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Defying fear and reigniting hope

The city of Buenaventura, where we have been working with our partner Fundescodes for two years, is a paradox. It is home to the country’s most important port – each year around one million containers pass through its docks, generating $5 billion US dollars of tax revenue. Yet for decades its largely Afro-Colombian inhabitants have faced the highest levels of poverty and insecurity in Colombia.

Despite government investment to modernise the port, the city itself suffers from severe under-development. Many neighbourhoods do not have access to running water or reliable electricity, poverty levels reach 80%, just one in five children receive a full secondary education, and poor healthcare provision means that the infant mortality rate is twice the national average.

This already extreme situation is compounded by the long-term presence of armed groups. The local population has been repeatedly caught in the firing line in the groups’ brutal battles for territorial control, and children are particularly at risk of being used as informants, drug traffickers, combatants or for sex. As a result, thousands of families have been uprooted, fleeing their homes to relocate to other parts of the city, only to face violence once again.

Weak public institutions, hampered by corruption, have been unable to fulfil their responsibility to prevent, and protect children from, multiple abuses. People in these communities feel abandoned and have lost hope that their situation will ever improve.

Children leading change
There is an urgent need to ensure the situation does change. The safety of thousands of children, and the future of peace in Colombia, relies on it. At Children Change Colombia, our experience convinces us that the only way to bring about effective change is to empower communities to take the lead in making it happen.

Thanks to your support for Children Change Colombia, Fundescodes is currently working in four of Buenaventura’s worst-affected neighbourhoods to support the city’s youngest generation to reignite hope and a commitment to protecting children’s rights within their communities.

Some highlights of this approach in action are:

  • Fundescodes helped one community set up a ‘Chapel of Memory’. Adorned with photographs of community members who have been killed or disappeared by armed groups, it is now the site of regular vigils. These displays of unity and remembrance are also peaceful acts of defiance of the fear and hopelessness that has silenced these communities.
  • During a month of city-wide demonstrations against government neglect, Fundescodes’ youth leaders met with public officials to share their ideas and opinions about developments required by the city’s youth.
  • Children have led community clean-up campaigns, bringing over 600 children and adults together in one year to reclaim public football fields and playgrounds from neglect or appropriation by armed groups.
  • Last September, 14-year-old Nicol travelled to Bogotá for the first time in her life to sit on the panel at our youth forum alongside a Colombian Presidential candidate. She spoke emphatically about the need for Colombia’s national government to pay attention to the constant abuses of children’s rights that occur in Buenaventura.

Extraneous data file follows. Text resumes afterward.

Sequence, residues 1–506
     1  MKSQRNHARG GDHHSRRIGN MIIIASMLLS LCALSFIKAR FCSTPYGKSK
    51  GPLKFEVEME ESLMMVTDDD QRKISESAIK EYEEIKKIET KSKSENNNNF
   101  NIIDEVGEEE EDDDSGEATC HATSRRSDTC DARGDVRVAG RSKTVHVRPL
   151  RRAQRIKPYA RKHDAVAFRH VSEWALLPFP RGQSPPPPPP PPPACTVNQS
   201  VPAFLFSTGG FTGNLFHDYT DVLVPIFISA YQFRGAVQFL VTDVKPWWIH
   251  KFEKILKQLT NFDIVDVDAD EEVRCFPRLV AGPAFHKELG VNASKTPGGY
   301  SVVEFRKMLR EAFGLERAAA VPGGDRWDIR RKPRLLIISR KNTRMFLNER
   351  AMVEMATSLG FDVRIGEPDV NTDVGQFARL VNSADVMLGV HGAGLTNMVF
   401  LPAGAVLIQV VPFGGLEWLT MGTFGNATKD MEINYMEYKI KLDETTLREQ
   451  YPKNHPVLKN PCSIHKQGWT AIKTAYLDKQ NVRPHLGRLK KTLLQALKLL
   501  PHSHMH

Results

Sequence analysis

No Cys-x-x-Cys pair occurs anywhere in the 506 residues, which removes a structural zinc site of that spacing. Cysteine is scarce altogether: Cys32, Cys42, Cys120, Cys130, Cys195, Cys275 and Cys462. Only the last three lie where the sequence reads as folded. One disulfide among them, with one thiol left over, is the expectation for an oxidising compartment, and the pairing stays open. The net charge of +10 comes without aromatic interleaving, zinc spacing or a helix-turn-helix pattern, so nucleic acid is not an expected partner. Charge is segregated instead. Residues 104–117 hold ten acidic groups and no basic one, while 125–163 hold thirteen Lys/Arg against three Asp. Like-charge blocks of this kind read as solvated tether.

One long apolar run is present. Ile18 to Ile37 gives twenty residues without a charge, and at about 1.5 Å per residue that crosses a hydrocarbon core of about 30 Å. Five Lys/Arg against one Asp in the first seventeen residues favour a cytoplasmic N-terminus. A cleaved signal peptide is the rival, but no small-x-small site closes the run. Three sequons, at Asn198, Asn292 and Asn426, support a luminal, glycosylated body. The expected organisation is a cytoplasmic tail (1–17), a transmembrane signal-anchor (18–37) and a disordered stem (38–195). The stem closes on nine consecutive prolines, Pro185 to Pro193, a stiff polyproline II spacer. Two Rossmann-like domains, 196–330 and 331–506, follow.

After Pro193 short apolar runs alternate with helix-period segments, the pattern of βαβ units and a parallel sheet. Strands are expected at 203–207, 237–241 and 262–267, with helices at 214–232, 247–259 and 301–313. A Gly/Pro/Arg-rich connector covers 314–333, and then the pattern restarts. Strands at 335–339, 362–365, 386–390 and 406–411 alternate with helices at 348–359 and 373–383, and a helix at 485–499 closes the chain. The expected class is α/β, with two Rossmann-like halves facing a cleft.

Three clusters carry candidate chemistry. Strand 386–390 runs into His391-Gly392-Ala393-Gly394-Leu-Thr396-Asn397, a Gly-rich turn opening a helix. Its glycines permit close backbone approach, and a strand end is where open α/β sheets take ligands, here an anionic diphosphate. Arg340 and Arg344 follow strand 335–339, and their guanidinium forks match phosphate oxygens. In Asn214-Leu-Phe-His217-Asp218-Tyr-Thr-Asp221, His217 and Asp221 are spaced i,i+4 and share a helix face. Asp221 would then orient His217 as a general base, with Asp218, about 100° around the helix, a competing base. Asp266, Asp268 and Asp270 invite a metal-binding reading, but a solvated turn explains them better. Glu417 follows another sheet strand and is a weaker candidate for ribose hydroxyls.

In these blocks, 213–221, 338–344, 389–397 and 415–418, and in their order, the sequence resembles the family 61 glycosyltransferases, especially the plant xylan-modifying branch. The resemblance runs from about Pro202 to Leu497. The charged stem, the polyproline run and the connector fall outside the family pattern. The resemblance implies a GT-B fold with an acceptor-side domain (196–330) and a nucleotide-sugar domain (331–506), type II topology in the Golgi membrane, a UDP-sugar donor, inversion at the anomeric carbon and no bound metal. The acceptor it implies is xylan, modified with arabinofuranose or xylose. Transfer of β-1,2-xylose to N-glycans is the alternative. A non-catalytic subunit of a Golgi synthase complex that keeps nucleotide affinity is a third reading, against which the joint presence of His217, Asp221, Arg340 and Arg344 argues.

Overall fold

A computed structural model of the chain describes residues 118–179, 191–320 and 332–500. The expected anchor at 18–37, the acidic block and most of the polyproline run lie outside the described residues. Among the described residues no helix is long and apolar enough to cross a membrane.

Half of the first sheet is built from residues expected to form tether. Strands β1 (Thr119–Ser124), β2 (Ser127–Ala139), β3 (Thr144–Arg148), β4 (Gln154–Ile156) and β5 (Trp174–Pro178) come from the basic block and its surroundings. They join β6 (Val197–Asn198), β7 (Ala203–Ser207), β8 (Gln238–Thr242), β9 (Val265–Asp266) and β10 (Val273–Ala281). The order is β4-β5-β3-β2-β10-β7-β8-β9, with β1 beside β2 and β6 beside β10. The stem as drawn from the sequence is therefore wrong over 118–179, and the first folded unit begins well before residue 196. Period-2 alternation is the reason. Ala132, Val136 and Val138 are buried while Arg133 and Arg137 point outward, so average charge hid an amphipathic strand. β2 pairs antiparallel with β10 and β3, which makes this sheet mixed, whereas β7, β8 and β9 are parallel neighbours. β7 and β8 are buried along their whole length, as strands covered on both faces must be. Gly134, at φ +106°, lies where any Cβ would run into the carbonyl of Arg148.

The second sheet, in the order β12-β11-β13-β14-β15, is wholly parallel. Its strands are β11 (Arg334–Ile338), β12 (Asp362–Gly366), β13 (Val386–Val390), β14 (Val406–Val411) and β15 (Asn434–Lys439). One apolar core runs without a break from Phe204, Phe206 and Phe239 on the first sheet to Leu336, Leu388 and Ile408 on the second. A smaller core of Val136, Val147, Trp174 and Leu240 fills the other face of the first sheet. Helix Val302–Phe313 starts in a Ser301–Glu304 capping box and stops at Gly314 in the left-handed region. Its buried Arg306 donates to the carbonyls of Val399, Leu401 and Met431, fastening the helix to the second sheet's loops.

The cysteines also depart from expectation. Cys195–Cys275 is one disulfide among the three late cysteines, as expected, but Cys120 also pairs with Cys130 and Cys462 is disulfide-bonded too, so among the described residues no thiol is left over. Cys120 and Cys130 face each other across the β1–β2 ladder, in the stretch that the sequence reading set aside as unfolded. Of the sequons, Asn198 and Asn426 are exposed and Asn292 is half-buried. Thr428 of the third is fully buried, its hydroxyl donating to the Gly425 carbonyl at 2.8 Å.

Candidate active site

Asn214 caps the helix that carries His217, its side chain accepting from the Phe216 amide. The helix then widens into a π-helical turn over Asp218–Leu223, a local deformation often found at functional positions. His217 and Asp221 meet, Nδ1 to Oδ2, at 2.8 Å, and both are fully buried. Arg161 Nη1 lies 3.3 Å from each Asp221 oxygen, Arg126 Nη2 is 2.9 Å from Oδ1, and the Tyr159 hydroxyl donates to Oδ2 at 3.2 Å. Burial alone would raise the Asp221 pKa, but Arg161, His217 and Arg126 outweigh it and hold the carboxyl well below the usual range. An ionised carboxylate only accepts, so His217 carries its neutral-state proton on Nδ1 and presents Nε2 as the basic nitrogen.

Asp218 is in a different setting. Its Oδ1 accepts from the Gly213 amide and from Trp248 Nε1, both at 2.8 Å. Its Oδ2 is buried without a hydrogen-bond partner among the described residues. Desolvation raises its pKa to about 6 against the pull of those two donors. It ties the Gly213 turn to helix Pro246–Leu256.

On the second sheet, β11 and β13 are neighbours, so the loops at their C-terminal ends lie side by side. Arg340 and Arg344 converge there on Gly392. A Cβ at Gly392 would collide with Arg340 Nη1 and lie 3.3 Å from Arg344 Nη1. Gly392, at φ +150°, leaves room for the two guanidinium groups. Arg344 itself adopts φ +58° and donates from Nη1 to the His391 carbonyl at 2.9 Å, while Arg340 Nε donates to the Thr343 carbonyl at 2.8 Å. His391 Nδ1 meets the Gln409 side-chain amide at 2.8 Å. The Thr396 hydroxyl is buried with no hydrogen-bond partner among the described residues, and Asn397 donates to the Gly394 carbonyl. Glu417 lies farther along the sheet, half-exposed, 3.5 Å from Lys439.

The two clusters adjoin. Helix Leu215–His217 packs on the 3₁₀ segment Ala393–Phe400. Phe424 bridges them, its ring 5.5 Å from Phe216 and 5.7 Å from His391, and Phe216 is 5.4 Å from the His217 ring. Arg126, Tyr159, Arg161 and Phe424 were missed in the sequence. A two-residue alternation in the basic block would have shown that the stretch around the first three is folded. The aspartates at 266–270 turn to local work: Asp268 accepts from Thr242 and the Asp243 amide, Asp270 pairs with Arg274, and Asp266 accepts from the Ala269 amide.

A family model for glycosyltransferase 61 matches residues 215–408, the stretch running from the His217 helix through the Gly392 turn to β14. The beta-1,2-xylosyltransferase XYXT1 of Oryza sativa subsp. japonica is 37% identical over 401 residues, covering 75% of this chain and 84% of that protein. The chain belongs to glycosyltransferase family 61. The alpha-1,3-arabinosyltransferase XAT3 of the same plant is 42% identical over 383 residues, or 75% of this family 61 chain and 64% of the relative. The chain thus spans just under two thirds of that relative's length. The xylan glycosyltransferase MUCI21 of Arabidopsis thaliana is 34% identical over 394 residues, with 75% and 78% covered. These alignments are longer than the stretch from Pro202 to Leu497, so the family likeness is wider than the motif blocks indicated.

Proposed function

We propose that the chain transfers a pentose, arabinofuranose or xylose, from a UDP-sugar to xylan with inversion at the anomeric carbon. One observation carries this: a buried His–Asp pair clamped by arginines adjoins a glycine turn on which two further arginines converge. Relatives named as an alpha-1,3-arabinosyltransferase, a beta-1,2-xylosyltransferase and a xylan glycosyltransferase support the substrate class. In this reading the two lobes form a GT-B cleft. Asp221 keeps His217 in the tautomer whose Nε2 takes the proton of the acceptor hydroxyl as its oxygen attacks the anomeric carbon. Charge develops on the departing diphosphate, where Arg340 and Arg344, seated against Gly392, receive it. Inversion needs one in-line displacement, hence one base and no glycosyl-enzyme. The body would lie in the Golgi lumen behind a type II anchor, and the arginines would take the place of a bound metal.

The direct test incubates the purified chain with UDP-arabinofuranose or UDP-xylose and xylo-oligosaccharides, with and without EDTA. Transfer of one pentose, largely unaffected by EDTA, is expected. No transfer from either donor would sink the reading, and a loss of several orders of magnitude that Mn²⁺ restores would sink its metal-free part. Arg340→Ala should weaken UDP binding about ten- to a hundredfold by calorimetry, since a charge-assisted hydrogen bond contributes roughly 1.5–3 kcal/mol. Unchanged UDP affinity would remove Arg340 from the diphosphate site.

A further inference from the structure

Artwork: "How violence has taken away our territory and identity"

Navigating new threats to peace
The surge in energy and hope within Buenaventura has been mirrored in other similarly marginalised areas of Colombia. This is due, in large part, to the commitments made within the recent Peace Accords to promote political participation within long-marginalised sections of Colombian society.

However, this surge has been counteracted with a spike in brutal reprisals by armed groups. In the 16 months since the Peace Accords were signed, over 200 local leaders have been assassinated for seeking to improve living conditions in their communities. Fundescodes has felt this backlash directly. In January a local human rights activist, Temistocles Machado, who had supported Fundescodes’ activities in his community, was killed. Since then the Director of Fundescodes has himself received threats.

With tensions high across the city and heightened fear of the repercussions for anyone who questions the status quo, we at Children Change Colombia are working more closely than ever with the team at Fundescodes to help them find a way to continue their vital peace-building work, without putting themselves, or the children and young people, in danger.

Fundescodes’ team of local people have the insight and expertise to provide support to children and their families on how to protect themselves from new risks as they arise. As an initial precaution, they have decided that this year their work with children will focus less on public displays of activism and more on the use of media – radio, social media, film and newspapers – to engage with the wider community.

This is undeniably a complicated and hazardous context for us to be working in. But this is precisely why Children Change Colombia is in Buenaventura. Children there urgently need immediate protection and safe, supportive spaces in which they can explore their talents and use them to contribute to transforming their city for good. We need your support to make this work possible.

We need your support to make this work possible. Please doante today

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